Considering how last year began, the 18% full-year decline in the S&P 500 might seem about right. However, the performance of the broad index doesn’t tell the story of many, many stocks that fared much worse in 2022. Expensive, growth-oriented stocks were the most aggressively sold as the Fed raised rates with unprecedented urgency. At the same time, Russia’s invasion of Ukraine and the resulting disruptions exacerbated post-COVID supply chain problems and inflationary pressures that proved less transitory than initially thought.

It’s too early to know whether the Fed has done enough to quash inflation, but it has already had much success. From high prices set in 2022, oil has dropped 25%, lumber 37%, wholesale gasoline 43%, and Bitcoin 74%. If Chairman Powell retains his “data-dependent” approach, he must be liking what he is seeing. He can’t say that though. The rhetoric will remain hawkish right up to the moment of the pause or pivot. To do otherwise would have the same market and economic impact of actually pausing or pivoting. The bond market sees things this way now also – signaling that the Fed’s terminal rate likely won’t be as high as the Fed’s official narrative.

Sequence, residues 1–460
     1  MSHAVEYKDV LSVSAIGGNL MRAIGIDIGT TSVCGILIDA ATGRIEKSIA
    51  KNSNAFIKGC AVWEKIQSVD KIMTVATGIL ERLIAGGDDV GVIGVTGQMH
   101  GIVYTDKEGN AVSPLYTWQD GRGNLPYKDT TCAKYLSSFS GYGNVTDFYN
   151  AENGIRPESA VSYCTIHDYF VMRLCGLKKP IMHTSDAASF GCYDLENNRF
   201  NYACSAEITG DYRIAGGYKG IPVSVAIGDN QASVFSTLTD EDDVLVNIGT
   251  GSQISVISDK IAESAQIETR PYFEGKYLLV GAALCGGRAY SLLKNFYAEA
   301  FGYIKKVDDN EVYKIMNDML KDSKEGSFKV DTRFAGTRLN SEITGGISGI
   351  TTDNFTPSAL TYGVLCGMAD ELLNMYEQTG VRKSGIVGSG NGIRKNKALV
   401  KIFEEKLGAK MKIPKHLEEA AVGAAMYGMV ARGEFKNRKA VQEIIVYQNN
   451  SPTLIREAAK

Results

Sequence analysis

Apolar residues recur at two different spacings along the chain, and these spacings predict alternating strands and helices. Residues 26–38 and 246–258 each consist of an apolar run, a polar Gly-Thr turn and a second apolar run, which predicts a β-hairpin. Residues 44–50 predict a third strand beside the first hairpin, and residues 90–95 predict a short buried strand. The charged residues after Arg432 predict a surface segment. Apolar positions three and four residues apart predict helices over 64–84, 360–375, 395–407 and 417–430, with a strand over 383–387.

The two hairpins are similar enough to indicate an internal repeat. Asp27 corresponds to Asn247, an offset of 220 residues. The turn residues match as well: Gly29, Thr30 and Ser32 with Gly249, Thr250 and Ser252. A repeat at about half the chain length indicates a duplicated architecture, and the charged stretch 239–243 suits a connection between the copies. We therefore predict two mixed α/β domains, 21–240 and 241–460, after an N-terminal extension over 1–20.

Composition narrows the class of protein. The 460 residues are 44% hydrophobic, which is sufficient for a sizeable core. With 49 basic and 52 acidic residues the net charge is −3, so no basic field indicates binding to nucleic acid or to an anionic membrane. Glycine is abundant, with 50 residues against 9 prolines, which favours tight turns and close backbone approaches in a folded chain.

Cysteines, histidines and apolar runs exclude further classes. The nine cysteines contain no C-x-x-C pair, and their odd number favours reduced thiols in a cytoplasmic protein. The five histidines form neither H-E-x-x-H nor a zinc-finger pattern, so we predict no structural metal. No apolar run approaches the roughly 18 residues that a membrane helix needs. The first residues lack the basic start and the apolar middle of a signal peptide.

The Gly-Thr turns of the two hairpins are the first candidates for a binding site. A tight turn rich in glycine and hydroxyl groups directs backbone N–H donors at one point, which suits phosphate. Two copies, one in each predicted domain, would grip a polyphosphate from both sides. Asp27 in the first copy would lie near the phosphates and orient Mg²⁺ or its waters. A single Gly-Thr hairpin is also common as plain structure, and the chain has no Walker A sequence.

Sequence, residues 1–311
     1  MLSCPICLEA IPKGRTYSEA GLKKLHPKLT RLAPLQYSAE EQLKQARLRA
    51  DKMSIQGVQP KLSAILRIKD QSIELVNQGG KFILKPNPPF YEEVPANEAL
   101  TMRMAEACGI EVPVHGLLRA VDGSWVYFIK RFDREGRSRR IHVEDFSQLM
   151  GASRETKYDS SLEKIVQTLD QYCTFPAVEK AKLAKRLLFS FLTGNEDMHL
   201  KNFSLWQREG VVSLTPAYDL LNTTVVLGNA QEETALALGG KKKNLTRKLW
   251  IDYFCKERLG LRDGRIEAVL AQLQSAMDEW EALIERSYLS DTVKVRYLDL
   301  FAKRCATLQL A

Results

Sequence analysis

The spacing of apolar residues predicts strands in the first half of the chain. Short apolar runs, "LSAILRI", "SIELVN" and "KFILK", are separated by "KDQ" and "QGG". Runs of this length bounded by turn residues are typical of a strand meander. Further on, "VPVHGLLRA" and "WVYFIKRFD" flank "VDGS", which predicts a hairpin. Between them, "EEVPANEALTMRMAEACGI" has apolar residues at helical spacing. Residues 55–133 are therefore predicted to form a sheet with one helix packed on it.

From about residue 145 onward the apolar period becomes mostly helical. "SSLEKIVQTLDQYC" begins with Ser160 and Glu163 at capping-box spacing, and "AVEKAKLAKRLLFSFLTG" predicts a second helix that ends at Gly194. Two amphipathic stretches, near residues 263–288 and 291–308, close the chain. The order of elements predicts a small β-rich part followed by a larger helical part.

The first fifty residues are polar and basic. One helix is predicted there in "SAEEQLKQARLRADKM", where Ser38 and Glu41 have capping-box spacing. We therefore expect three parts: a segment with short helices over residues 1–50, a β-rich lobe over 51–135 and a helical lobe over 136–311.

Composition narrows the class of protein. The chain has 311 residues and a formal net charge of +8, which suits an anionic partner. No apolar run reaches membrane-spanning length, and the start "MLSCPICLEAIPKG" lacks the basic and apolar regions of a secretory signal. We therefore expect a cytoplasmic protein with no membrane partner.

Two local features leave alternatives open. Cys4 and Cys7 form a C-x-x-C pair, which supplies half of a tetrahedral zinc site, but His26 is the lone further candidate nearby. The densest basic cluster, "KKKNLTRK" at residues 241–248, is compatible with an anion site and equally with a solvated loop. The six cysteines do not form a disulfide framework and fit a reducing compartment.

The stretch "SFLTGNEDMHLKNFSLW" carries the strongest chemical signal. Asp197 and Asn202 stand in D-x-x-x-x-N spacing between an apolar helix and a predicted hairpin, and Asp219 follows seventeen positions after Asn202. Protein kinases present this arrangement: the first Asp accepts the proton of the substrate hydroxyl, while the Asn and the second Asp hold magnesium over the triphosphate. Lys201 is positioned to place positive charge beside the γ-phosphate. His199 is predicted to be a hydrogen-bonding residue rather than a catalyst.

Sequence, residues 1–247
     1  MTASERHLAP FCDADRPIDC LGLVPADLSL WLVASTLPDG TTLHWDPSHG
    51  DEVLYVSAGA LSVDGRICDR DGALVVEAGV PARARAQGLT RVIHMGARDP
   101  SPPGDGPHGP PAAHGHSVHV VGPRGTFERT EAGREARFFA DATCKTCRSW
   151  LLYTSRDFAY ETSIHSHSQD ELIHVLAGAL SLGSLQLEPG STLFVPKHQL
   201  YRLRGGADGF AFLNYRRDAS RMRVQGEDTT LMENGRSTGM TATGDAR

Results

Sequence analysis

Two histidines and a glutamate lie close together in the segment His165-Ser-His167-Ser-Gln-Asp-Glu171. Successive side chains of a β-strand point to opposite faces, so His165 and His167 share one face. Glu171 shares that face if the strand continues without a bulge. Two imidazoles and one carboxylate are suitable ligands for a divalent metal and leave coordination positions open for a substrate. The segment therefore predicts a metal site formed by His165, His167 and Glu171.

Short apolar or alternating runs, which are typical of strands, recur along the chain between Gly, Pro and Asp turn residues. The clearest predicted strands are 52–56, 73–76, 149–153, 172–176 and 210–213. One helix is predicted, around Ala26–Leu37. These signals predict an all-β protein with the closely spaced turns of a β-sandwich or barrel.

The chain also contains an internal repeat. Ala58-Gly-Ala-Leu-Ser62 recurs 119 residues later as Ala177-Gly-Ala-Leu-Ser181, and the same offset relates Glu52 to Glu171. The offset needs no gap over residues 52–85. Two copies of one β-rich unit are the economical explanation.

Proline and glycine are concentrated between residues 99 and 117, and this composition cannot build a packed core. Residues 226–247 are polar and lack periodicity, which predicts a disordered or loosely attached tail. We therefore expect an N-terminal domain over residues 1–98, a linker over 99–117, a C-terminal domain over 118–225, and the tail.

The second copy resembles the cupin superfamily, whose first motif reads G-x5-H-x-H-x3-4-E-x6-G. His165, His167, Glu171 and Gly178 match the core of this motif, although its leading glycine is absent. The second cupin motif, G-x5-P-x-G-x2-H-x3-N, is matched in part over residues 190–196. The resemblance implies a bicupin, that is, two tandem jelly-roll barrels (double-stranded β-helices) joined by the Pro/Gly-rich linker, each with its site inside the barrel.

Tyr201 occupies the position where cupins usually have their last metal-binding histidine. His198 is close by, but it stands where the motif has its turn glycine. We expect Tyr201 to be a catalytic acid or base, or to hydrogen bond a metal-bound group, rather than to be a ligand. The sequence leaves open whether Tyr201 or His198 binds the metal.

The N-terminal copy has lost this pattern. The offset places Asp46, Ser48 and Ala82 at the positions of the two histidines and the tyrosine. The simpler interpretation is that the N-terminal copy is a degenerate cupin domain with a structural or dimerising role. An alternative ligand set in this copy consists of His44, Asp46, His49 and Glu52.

We start 2023 worrying about many of the same uncertainties that were front of mind last year but with a very different investing landscape: bond yields now provide fixed income investors reasonable returns, stock valuations are lower, and the Fed has already done a lot of heavy lifting. A recession is still a possibility, but the labor market is the tightest in 50 years, and consumers are still in relatively good shape.